Rikdag

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Rikdag, Ricdag, Riddag, or Rihdag (died 985) was the Margrave of Meissen (or Thuringia) from 979 until his death. In 982, he acquired the marches of Merseburg and Zeitz. In 985, he was made count in the Schwabengau. He temporarily reunited all of the southern marca Geronis under his command. His march fronted the Chutizi and Dalaminzi tribes.

Ricdag's daughter, Oda or Hunilda, married Boleslaus I Chrobry, who later became the King of Poland. However, this marriage alliance was cut short by the interests of power politics.

In 983, following word of the defeat of the Emperor Otto II at the Battle of Stilo, the Slavic tribes bordering eastern Saxony rebelled. Havelberg and Brandenburg were destroyed and the March of Zeitz devastated. Ricdag and Dietrich of the Nordmark joined with the troops of Gisilher, Archbishop of Magdeburg and the Bishop of Halberstadt and defeated the Slavs at Belkesheim, near Stendal. Nevertheless, the Germans were once again limited to the land west of the Elbe.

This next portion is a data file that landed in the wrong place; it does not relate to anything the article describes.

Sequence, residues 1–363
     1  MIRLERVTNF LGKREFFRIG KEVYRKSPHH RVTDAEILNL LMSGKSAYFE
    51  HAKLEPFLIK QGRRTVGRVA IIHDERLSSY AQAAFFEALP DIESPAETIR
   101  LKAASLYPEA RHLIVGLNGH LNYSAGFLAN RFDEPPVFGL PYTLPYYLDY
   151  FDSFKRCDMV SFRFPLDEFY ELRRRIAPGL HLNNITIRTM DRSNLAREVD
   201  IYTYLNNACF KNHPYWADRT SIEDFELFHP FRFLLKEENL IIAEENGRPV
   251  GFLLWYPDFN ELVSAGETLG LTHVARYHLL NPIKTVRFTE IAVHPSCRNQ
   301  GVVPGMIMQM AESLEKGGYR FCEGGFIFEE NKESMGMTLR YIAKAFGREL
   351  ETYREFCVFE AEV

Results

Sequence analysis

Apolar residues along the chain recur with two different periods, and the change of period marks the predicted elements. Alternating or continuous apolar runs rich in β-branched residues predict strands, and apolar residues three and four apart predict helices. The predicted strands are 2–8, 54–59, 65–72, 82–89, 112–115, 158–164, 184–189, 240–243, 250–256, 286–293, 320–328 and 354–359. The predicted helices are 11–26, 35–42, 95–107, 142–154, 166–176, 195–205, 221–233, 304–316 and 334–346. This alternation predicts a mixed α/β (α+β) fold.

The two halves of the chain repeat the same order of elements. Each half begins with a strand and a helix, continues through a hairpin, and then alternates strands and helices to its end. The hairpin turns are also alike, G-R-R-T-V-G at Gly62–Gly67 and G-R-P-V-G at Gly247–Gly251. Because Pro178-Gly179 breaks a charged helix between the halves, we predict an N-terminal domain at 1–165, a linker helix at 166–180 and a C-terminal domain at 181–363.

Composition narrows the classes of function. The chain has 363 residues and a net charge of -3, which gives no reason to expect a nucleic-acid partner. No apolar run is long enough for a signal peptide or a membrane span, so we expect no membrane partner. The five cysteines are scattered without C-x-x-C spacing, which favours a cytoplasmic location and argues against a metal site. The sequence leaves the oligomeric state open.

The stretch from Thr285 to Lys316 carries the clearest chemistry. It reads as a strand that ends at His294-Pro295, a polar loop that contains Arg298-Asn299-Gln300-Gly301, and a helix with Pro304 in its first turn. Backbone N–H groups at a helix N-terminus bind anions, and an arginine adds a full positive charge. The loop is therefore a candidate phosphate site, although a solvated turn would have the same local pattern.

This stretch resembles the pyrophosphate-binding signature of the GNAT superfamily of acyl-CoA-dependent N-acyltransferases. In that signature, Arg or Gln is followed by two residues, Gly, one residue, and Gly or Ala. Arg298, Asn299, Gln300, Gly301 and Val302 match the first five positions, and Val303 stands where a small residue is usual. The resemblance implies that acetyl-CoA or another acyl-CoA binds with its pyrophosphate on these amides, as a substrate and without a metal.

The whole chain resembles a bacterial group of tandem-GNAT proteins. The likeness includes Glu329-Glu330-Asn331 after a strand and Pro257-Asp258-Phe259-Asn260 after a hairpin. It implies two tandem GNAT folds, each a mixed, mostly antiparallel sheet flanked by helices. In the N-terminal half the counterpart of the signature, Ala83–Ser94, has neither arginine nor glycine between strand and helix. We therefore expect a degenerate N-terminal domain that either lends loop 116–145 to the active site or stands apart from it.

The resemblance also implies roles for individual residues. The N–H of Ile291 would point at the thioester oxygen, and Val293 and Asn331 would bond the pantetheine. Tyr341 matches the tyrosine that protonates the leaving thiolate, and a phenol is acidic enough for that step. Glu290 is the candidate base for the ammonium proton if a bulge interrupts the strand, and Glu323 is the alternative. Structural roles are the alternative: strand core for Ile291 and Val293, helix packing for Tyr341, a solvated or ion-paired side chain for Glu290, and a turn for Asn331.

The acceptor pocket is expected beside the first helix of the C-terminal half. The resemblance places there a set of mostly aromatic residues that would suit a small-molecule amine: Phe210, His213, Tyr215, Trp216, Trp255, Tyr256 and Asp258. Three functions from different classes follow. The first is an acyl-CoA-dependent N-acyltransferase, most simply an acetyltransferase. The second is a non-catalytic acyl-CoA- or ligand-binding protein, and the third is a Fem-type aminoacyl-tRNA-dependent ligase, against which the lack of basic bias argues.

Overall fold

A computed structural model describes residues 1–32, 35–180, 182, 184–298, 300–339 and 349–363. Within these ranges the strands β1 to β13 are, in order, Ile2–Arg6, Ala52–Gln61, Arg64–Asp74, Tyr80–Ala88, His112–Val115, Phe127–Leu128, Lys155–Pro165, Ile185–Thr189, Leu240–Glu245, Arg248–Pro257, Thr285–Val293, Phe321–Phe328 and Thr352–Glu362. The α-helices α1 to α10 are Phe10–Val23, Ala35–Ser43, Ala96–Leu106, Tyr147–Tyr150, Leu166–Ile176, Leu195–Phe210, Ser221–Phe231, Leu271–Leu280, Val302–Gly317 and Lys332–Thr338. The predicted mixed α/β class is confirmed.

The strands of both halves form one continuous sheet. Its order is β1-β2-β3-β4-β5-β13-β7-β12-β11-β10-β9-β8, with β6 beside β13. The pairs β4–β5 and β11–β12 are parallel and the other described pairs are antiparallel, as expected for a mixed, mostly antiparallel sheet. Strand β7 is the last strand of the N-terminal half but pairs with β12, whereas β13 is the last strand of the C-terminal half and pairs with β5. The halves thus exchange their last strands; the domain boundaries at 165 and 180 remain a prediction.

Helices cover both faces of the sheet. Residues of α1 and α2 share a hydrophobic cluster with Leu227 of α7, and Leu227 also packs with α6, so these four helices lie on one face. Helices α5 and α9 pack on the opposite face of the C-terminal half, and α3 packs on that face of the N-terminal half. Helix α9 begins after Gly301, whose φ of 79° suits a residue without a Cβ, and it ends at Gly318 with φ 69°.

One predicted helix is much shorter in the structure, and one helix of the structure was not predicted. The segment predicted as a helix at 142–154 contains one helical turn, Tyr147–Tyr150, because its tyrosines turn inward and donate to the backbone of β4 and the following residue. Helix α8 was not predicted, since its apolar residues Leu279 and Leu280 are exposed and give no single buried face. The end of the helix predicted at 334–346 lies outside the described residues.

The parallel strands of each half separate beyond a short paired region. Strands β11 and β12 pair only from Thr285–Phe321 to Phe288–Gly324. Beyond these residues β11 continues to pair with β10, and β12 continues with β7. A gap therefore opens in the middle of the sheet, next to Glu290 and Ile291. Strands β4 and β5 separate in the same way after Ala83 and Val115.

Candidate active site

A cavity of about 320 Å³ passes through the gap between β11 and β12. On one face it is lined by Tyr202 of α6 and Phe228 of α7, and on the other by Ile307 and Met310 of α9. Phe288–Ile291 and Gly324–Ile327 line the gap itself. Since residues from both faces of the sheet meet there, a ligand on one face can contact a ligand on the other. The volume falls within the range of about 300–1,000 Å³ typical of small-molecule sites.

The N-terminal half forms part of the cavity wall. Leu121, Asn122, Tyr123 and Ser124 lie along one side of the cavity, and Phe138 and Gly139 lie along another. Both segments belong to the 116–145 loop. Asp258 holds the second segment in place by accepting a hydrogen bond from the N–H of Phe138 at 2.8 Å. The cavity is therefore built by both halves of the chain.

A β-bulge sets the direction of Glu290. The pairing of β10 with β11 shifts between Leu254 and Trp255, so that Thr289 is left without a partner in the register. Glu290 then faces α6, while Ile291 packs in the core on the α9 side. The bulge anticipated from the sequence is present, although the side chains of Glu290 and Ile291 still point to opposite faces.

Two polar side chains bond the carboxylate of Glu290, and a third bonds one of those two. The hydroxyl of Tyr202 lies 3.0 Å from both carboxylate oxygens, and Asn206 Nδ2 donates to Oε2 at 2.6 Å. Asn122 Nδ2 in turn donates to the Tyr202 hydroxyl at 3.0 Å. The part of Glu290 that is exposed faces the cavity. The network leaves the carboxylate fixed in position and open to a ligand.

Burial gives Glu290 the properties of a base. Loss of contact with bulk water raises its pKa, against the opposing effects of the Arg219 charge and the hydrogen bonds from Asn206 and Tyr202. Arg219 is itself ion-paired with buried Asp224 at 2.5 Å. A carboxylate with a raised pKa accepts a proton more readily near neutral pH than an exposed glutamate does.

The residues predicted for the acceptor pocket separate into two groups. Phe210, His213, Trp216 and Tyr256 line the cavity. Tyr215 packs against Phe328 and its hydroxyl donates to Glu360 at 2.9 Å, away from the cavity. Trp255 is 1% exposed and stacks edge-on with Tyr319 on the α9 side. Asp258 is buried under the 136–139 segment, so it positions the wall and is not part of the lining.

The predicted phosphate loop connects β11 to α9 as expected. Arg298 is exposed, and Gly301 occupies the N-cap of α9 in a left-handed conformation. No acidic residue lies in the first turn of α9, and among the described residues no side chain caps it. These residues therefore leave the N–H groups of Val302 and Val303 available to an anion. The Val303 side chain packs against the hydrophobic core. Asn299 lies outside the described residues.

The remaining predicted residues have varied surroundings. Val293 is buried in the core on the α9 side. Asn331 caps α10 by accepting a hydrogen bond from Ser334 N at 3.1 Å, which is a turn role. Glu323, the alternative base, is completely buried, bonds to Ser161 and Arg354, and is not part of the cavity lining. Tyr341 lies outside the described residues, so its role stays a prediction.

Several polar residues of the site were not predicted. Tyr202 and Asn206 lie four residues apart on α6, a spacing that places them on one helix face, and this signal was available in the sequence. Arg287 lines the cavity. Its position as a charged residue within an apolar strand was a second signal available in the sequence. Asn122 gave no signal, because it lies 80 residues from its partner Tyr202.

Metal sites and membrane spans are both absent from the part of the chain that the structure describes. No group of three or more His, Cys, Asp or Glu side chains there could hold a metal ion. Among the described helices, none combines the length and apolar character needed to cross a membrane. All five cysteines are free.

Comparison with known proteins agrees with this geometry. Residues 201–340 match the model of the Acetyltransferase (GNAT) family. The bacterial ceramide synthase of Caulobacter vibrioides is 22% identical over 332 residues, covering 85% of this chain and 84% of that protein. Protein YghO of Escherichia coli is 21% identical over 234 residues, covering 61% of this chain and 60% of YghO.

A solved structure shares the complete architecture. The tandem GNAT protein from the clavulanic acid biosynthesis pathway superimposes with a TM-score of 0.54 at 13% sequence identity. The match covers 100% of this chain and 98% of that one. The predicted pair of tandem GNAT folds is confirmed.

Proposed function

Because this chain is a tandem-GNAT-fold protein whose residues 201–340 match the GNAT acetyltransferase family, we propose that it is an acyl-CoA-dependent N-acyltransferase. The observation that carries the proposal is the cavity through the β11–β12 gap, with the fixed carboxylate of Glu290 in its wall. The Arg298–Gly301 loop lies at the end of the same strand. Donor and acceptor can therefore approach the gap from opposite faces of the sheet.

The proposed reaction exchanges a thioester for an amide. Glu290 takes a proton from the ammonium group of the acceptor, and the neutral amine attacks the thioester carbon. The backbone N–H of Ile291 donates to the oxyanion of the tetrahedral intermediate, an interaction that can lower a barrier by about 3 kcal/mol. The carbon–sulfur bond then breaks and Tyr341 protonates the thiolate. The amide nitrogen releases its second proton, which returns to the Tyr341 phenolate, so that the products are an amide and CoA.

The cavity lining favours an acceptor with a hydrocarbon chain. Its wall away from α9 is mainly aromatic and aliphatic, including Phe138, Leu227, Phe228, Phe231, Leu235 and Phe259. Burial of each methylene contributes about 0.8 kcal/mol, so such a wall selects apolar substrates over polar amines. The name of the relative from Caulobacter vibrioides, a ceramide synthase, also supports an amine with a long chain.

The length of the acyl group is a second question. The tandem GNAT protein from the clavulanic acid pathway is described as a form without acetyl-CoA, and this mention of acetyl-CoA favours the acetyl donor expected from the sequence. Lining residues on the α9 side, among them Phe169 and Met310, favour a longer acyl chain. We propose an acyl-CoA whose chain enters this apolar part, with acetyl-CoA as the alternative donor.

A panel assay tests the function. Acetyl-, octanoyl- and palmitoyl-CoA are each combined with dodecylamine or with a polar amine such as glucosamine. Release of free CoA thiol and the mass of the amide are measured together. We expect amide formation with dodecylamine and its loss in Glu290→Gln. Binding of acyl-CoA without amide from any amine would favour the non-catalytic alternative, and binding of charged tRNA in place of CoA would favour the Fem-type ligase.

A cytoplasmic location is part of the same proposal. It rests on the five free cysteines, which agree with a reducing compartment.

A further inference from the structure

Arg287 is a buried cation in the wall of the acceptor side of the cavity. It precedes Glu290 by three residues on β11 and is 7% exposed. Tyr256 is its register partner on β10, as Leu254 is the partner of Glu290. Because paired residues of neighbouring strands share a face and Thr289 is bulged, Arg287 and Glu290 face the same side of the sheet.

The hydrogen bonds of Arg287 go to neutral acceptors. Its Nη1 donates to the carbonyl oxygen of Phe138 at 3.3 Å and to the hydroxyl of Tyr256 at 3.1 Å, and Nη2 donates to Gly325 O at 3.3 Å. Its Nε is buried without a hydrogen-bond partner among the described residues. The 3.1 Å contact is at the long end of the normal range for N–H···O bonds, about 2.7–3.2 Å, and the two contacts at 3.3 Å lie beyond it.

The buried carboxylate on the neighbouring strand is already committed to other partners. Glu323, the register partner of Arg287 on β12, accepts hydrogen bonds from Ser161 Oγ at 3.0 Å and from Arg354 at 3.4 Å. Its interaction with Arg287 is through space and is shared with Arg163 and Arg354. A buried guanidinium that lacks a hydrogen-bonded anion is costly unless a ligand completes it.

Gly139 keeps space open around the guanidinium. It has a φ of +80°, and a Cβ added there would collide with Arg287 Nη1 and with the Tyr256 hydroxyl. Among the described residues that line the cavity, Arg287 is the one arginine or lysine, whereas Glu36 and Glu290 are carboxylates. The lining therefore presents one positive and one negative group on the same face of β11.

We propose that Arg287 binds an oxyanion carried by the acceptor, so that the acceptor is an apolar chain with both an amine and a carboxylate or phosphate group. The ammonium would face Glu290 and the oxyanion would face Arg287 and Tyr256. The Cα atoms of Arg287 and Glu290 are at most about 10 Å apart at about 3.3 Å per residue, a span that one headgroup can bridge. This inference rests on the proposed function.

In 985, Ricdag and his sister, Eilsuit, founded the monastery of Gerbstedt, in which he was buried and she was first abbess. Ricdag's and Dietrich's deaths in that same year were a severe setback on the middle border. By an unnamed wife, Ricdag, beside the aforementioned Oda, left a son and another daughter: Charles (died 28 April 1014), who was count in the Schwabengau in 992 and who was unjustly deprived of his benefices because of false accusations, and Gerburga (died 30 October 1022), who was later abbess of Quedlinburg.

References[edit]

Preceded by
Thietmar
Margrave of Meissen
979–985
Succeeded by
Eckard I
Preceded by
Gunther
Margrave of Merseburg
982–985
Preceded by
Wigger I
Margrave of Zeitz
982–985